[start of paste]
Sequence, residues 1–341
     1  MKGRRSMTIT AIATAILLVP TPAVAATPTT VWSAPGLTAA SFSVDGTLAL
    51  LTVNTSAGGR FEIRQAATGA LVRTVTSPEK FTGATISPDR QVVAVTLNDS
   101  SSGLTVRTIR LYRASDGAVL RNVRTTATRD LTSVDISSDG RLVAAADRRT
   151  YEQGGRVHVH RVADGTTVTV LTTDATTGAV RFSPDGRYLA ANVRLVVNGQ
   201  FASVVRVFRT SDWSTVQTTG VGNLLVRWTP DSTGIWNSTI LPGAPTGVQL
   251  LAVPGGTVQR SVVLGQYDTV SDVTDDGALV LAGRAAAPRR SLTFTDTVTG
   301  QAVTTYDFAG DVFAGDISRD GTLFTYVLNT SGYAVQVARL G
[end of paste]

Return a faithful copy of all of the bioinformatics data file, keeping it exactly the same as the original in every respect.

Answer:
Sequence, residues 1–341
     1  MKGRRSMTIT AIATAILLVP TPAVAATPTT VWSAPGLTAA SFSVDGTLAL
    51  LTVNTSAGGR FEIRQAATGA LVRTVTSPEK FTGATISPDR QVVAVTLNDS
   101  SSGLTVRTIR LYRASDGAVL RNVRTTATRD LTSVDISSDG RLVAAADRRT
   151  YEQGGRVHVH RVADGTTVTV LTTDATTGAV RFSPDGRYLA ANVRLVVNGQ
   201  FASVVRVFRT SDWSTVQTTG VGNLLVRWTP DSTGIWNSTI LPGAPTGVQL
   251  LAVPGGTVQR SVVLGQYDTV SDVTDDGALV LAGRAAAPRR SLTFTDTVTG
   301  QAVTTYDFAG DVFAGDISRD GTLFTYVLNT SGYAVQVARL G